Offshore Racing Congress (ORC)
Who Owns It
Offshore Racing Congress (ORC)
Why Did It Start
The ORC was founded in 1969 by the Royal Ocean Racing Club (RORC) and the Cruising Club of America (CCA) to develop a handicap standard for the international community. Since then, the ORC has supported several rules including the IOR, IMS, and, most recently, the ORC Rule. The ORC Rule was structured in the late 2000’s to promote safe design practices and to fairly rate a broad range of designs, including cruiser/racer and modern race boats. The ORC Rule is recognized by World Sailing as an International Rating System. Learn more about the history of the ORC.
How It Works
The ORC Rule relies on a Velocity Prediction Program (VPP) based on standard measurements defined by the Universal Measurement System (UMS). More information on measurement may be found on our Services page. The rating calculator outputs a multi-number rating, suitable for various scoring options and course configurations. While ORC Club and ORC International certificates differ with respect to measurement criteria, they rely on the same calculation routine. As a result, Club and International certificates may be scored consistently with each other. The ORC VPP is updated annually and all rules, regulations, certificates and VPP documentation are freely available to the racing community. ORC scoring options include Time-on-Distance, Time-on-Time, Triple Number, and Performance Curve Scoring. In 2021 all ORC certificates include custom scoring options tailored to specific races and events. An explanation of these options for US and Canadian events can be found here.
Who Uses It
ORC is globally recognized in local, national, and international races making it the most popular measurement-based rating system in the world. With primary interests among European race circuits, the annual ORC World Championships draw international attention to the rating system. The ORC has been recently featured in several areas of the US, including the Galveston Bay races in Texas, Charleston Race Week, the Chicago Mac and Bayview Mac races as well as local races in Chesapeake Bay, Biscayne Bay, and New England.
Where We Fit In
US Sailing Offshore is charged with acquiring, processing, and archiving all data to issue ORC Club and ORC International certificates to boats based in the United States.
ORCi is based on a complete boat measurement carried out by a US Sailing Official Yacht Measurer as defined by the Universal Measurement System. This is the most accurate rating the rule system offers. These certificates are intended for use in World, Continental, Regional, and National level races. To request official measurement, please contact the US Sailing Offshore office.
Club certificates do not require verified measurement. Instead, owners are allowed to declare select measurements while other parameters are assigned by the rating office. Where input data is lacking, the rating office will apply estimates or default values that err to a faster rating. The more data submitted based on measurements, the more accurate the rating. Sail Measurement Certificates must be provided and can be completed by your local sail maker. ORC Club certificates are intended for club-level racing.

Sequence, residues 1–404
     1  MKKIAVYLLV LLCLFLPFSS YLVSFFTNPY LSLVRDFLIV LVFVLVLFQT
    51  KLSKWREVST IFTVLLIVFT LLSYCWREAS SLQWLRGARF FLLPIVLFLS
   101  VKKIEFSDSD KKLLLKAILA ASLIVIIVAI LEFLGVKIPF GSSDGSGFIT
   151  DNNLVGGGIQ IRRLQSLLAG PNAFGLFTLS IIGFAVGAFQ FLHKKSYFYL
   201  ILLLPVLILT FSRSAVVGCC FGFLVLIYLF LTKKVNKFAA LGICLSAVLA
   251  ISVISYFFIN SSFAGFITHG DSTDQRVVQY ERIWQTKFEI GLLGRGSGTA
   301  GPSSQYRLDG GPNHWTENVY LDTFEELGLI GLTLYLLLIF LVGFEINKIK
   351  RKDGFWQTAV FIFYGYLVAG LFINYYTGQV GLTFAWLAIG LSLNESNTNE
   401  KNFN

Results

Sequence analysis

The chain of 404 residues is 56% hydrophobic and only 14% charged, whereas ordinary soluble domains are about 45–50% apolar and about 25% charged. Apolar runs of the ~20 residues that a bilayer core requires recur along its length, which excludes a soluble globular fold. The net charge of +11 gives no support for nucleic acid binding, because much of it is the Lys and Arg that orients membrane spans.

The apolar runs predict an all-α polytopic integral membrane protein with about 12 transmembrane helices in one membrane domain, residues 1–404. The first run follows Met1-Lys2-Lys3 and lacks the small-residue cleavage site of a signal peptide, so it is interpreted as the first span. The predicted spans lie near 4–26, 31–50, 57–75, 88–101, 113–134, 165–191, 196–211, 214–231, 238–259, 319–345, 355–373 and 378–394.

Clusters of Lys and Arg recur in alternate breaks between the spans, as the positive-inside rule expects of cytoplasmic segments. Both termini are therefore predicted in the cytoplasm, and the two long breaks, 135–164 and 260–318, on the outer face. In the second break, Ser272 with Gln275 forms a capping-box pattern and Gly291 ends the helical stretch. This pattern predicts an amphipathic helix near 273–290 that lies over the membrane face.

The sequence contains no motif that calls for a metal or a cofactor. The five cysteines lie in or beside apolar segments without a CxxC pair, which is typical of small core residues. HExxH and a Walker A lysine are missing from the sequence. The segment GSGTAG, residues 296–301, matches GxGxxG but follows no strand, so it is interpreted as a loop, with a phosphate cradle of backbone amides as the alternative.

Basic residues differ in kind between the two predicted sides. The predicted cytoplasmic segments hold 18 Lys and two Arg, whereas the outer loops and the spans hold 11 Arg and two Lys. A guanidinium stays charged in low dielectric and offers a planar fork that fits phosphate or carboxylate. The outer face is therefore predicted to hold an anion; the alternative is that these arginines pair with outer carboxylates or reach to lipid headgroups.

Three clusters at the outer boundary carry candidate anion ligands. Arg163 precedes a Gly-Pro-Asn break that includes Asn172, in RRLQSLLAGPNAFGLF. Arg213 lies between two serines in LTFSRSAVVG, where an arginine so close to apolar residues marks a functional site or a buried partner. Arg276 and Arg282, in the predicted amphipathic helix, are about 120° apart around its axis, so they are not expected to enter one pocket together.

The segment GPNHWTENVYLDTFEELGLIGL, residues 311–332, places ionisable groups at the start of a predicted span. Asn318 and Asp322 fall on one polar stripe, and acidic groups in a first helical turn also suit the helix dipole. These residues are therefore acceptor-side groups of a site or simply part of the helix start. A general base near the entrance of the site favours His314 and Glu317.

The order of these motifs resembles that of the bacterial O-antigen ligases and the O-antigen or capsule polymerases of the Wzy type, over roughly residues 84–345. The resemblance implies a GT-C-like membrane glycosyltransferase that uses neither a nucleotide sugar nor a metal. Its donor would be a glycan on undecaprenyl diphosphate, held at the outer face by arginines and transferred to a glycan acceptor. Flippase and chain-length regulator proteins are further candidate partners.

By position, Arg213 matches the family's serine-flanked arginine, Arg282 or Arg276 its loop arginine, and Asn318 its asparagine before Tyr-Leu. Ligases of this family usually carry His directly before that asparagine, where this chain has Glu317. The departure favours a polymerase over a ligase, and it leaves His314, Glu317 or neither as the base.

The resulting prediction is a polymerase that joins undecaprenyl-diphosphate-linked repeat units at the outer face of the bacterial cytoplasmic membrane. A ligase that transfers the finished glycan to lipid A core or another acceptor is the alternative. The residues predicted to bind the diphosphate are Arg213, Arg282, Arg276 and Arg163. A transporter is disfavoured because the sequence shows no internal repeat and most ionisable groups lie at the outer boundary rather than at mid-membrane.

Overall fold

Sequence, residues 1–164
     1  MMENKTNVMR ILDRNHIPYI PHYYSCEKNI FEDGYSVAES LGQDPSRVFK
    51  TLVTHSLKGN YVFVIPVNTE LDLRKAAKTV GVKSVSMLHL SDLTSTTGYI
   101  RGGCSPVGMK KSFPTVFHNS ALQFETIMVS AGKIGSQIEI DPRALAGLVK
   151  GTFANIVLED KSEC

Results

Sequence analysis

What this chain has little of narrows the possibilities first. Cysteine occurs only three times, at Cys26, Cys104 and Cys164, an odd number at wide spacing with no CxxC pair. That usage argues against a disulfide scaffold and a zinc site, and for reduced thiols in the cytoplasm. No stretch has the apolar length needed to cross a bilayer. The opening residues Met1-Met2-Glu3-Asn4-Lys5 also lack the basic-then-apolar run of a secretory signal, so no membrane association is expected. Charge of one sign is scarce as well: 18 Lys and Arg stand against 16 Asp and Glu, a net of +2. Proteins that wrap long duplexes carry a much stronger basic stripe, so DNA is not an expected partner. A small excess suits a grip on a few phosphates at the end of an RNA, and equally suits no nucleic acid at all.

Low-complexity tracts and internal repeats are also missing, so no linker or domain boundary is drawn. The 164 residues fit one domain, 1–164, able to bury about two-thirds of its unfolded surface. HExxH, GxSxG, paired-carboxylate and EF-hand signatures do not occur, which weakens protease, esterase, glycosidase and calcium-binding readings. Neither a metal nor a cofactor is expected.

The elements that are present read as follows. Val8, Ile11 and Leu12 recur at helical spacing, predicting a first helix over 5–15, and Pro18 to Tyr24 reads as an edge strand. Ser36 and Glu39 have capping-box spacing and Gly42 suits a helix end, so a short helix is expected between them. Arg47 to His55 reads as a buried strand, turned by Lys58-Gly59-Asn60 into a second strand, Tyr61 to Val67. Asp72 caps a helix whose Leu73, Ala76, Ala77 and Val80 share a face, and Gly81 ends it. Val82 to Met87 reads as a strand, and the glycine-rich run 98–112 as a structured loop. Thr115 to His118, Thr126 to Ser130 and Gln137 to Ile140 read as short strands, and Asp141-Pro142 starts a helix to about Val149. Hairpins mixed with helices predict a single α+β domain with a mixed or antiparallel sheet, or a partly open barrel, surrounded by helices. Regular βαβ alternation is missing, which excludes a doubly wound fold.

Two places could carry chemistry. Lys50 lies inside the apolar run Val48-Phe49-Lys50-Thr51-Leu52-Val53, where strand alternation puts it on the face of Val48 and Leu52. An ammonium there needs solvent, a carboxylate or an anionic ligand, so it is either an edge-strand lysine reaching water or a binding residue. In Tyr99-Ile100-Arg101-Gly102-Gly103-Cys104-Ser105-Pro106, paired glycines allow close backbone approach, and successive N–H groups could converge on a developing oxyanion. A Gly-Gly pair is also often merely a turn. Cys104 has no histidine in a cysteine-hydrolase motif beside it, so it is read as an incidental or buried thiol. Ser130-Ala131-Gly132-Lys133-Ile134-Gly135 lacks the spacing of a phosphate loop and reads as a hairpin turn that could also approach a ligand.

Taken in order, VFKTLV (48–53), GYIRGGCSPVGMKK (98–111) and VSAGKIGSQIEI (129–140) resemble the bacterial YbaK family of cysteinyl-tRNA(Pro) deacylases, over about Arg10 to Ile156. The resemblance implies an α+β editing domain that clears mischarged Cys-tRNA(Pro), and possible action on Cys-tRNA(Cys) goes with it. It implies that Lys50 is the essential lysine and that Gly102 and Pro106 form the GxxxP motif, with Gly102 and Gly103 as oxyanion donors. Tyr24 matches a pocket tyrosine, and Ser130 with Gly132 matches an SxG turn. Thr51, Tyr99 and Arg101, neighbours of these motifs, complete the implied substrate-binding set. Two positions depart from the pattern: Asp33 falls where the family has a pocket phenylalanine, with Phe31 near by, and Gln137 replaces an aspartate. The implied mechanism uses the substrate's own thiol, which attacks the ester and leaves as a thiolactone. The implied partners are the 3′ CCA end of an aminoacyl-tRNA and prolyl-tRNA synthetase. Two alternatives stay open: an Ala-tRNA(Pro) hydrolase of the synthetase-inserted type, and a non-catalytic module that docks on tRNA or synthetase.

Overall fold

ORC One Design
For specific classes, ORCi and ORC Club certificates are available in a standardized configuration. All data affecting a boat’s rating are standardized based on One Design class rules or past measurements taken reflecting close tolerances. No measurements are needed for these certificates, provided that there is proof supplied to the rating office that the boat is complying with its Class measurements. Any configuration change shall invalidate the ORC One Design certificate and a new standard ORC International or ORC Club certificate must be issued.
ORC Super Yacht
Handicapping widely disparate Super yachts represents one of the most formidable challenges any rule authority can undertake. A Super yacht fleet typically includes schooners, sloops and ketches of varying lengths and with displacements ranging from 50 to 600 tons and the huge disparity in yacht type, size and shape is exceptionally difficult to handicap.
For more: ORC Super yacht
For boats currently holding a year valid certificate, any changes to the configuration must be reported and a new certificate reflecting those changes issued. For ORCi certificates, relevant parameters may need to be remeasured.
ORC provides free access to all measurements and any valid certificate issued by any rating office in the world since 2009 through the free ORC Sailor Services database. Measurements and copies of certificates in pdf format are available at no charge without limit. Copy certificates are NOT valid for racing.
To understand how a potential modification would impact a boat’s rating, trials may be ordered through the Sailor Services system on the ORC website. There is no limit to the number of trial certificates issued in the ORC Sailor Services system. Trial certificates are NOT valid for racing.
Hydrostatics/Stability Data Sheet
Understanding the limitations of stability is important to every boat owner, but this information is also useful to offshore race organizers interested in defining relevant safety standards in their entry requirements.
For more: ORC Stability Datasheet Explanation
The ORC Speed Guide uses the ORC VPP to develop polar diagrams for your yacht. These diagrams are an asset to understanding relationships between performance, sail selection, wind speed, and wind angle. Speed Guides are provided with every US Sailing issued ORC certificate. Additional speed guides may be obtained via the ORC sailor services.